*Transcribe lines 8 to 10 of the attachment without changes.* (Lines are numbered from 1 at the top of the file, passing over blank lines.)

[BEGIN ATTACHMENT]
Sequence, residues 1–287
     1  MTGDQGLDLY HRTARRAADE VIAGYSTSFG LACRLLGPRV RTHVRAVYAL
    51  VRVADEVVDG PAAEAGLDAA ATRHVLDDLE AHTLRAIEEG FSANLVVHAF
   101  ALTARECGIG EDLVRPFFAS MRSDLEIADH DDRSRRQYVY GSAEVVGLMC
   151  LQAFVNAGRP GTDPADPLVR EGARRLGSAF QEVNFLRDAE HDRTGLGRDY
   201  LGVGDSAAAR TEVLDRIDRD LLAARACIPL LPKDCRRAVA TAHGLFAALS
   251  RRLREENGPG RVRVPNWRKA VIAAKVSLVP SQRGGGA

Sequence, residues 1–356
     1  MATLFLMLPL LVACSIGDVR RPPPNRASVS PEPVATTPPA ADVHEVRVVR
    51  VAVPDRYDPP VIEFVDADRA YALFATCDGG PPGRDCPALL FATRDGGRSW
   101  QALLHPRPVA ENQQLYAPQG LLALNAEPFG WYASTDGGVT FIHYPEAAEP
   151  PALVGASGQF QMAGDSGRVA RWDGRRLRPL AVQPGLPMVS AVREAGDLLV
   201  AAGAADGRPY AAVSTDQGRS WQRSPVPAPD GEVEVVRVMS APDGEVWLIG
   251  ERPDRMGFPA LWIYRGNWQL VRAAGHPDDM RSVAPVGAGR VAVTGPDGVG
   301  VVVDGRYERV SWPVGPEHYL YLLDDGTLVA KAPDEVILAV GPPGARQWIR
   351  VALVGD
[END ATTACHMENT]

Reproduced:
Sequence, residues 1–356
     1  MATLFLMLPL LVACSIGDVR RPPPNRASVS PEPVATTPPA ADVHEVRVVR
    51  VAVPDRYDPP VIEFVDADRA YALFATCDGG PPGRDCPALL FATRDGGRSW